For years, numbers of unconditional offers issued by universities in the UK have been steadily rising, contributing to regular interventions from figures in government, most recently Education secretary Gavin Williamson, who stated that unconditional offers lower attainment by making recipients of such offers less likely to achieve their predicted grades. However, a UCAS forecast for 2020 predicts that perhaps some three quarters of universities will no longer be issuing unconditional offers. An unconditional offer allows a place for a student if they achieve certain final grades, but if the university is selected as the first choice, grade requirements are dropped and the student is guaranteed a place.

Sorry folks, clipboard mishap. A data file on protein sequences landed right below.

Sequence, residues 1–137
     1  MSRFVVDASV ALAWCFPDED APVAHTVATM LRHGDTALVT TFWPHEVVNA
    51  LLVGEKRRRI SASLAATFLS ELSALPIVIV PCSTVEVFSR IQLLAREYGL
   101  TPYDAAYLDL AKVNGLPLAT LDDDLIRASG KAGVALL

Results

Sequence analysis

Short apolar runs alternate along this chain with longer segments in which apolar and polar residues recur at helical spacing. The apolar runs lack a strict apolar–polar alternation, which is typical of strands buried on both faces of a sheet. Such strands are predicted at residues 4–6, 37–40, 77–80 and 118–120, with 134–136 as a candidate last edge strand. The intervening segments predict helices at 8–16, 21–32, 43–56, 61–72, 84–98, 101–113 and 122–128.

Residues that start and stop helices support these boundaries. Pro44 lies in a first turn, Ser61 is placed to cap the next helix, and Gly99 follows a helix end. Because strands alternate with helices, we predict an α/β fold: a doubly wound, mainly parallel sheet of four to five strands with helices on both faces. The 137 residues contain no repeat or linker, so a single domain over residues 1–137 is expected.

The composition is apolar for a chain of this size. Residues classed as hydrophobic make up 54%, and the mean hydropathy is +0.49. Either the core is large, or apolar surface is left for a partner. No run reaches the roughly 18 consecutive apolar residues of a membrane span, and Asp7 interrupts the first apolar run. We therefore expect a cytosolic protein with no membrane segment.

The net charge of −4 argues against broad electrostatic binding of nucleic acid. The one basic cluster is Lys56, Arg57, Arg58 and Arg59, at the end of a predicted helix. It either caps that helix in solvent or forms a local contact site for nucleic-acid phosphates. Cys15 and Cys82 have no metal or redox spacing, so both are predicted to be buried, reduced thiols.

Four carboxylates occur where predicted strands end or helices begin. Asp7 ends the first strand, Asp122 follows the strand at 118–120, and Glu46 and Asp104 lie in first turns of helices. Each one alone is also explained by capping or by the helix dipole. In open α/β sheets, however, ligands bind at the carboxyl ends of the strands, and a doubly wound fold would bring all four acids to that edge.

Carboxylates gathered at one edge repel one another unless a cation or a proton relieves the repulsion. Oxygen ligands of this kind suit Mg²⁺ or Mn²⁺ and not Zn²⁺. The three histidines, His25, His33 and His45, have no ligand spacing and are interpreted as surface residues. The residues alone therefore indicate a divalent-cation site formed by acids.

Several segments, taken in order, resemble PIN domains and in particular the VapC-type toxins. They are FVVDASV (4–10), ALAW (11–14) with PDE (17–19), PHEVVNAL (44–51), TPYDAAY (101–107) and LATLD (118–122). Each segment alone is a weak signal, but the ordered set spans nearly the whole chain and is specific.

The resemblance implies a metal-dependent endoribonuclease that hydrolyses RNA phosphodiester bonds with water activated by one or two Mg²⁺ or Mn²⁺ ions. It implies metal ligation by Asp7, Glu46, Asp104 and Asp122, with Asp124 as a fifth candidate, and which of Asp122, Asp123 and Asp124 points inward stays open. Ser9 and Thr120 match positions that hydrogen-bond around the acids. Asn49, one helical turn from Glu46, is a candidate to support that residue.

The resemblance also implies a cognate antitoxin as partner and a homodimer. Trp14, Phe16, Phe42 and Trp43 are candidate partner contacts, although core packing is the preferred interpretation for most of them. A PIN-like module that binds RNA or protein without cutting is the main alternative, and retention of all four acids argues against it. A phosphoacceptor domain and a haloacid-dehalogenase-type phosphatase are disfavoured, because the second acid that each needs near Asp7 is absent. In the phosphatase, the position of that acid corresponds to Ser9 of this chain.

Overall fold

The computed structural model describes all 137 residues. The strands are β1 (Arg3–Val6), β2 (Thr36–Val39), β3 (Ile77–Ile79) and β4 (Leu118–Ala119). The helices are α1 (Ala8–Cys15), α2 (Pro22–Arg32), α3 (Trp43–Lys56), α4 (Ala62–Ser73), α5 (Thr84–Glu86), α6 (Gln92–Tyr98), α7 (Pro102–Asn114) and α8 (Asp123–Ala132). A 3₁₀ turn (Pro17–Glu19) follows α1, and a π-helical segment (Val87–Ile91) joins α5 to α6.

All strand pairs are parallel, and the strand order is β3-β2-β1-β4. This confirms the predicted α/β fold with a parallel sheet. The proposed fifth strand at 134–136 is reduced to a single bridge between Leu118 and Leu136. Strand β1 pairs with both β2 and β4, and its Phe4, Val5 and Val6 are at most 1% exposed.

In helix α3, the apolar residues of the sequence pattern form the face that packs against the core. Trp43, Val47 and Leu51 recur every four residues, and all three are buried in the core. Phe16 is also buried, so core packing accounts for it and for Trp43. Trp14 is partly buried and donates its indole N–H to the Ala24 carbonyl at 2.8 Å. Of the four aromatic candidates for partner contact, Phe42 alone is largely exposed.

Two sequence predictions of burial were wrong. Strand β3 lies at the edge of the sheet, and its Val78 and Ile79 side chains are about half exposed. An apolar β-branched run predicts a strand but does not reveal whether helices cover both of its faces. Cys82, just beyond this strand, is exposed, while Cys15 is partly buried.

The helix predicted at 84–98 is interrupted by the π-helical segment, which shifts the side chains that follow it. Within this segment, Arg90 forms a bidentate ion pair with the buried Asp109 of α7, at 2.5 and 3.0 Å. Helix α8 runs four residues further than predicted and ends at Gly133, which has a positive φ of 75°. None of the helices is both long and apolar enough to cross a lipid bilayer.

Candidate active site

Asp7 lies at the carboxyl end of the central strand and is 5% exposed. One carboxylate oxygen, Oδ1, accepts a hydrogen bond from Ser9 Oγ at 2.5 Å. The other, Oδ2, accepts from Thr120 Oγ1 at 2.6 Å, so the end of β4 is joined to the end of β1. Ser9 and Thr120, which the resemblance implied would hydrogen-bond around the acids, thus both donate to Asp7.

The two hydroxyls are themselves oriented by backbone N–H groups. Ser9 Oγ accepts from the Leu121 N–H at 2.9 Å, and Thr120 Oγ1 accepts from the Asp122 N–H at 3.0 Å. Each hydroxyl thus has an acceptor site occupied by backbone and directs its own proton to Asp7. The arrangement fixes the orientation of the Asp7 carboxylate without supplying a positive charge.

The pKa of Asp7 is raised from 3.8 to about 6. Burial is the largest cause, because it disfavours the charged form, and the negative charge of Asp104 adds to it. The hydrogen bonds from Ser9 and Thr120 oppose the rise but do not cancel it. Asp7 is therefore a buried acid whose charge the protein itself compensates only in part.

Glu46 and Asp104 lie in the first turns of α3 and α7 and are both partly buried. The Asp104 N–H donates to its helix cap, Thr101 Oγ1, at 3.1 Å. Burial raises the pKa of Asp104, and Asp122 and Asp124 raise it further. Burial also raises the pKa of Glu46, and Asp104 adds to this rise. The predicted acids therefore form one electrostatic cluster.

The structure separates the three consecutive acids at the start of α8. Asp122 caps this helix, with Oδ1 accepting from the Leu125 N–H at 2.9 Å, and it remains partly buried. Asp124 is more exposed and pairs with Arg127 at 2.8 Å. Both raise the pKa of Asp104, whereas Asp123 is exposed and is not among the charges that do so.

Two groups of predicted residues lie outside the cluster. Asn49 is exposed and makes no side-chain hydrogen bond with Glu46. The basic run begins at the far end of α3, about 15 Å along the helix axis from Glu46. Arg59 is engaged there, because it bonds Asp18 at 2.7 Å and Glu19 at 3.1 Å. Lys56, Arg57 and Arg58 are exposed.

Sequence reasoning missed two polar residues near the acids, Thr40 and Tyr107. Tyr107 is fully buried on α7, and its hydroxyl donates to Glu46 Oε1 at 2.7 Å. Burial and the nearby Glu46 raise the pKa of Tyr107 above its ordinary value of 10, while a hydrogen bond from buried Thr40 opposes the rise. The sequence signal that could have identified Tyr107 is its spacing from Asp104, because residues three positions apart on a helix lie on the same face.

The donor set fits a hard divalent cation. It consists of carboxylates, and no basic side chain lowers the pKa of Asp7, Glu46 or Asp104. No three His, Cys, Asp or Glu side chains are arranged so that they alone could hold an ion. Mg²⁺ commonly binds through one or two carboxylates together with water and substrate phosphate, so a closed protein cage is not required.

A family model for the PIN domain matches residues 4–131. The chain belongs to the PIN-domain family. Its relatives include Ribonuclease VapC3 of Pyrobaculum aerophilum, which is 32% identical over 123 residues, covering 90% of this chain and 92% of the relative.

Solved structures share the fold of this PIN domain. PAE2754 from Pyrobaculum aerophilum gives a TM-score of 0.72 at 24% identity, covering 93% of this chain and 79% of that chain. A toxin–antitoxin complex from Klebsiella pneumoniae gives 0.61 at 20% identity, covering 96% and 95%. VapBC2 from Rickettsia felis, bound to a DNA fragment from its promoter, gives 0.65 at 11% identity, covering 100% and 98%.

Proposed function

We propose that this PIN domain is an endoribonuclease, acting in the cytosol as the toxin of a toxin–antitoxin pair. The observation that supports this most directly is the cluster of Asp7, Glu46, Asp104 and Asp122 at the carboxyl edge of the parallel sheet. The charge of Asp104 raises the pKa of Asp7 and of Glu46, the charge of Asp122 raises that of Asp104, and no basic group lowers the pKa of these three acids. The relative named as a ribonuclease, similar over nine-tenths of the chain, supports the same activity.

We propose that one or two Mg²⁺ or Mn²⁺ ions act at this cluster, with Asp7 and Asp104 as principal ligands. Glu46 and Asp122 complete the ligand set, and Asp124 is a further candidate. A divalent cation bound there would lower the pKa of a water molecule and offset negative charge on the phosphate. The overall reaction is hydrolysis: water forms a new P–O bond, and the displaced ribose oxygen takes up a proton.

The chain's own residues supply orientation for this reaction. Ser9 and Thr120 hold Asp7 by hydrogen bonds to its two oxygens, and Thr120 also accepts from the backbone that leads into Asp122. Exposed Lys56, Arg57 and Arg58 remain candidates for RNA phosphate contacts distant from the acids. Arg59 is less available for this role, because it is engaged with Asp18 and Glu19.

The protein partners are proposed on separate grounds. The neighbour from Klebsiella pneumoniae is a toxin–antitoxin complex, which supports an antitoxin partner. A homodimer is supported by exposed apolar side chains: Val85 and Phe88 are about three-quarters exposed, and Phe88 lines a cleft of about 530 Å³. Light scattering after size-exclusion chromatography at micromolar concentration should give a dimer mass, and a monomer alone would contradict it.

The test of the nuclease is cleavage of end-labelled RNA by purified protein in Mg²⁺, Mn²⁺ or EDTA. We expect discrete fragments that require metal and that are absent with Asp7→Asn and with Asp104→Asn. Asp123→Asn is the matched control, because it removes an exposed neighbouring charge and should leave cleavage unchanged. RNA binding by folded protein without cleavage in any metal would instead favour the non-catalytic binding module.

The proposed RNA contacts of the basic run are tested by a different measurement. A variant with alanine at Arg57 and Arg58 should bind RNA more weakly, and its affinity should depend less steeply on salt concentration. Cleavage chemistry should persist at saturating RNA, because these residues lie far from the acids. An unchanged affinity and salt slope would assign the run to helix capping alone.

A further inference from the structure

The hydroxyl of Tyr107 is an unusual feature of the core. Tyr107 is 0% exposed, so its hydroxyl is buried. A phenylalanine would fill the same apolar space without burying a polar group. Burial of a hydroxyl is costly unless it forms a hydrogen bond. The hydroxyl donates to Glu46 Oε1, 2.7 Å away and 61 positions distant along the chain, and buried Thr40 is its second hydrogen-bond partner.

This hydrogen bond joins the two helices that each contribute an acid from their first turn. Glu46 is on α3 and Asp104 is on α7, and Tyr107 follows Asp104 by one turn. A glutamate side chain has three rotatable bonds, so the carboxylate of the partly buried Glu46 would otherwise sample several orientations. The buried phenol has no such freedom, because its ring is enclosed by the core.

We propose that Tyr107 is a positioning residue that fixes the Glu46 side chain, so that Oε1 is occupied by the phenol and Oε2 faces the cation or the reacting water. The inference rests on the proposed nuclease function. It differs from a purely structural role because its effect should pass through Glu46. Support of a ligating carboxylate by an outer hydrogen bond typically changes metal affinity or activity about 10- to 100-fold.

The rise of unconditional offers is often blamed on an increasing need from universities to fill places in order secure continual funding. In 2019, roughly a quarter of offers issued were unconditional, compared to less than a tenth in 2014. The news from UCAS suggests that in response to government and public pressure, universities may move to other tactics to secure student numbers. Already, universities such as York and Brighton have stated that they will not be offering unconditional offers to any students this year.